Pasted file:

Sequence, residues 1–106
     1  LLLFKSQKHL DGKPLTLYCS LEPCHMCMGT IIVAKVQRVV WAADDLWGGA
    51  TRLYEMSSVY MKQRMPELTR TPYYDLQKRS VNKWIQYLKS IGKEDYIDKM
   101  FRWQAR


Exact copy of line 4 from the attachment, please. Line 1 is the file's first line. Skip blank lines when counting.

   101  FRWQAR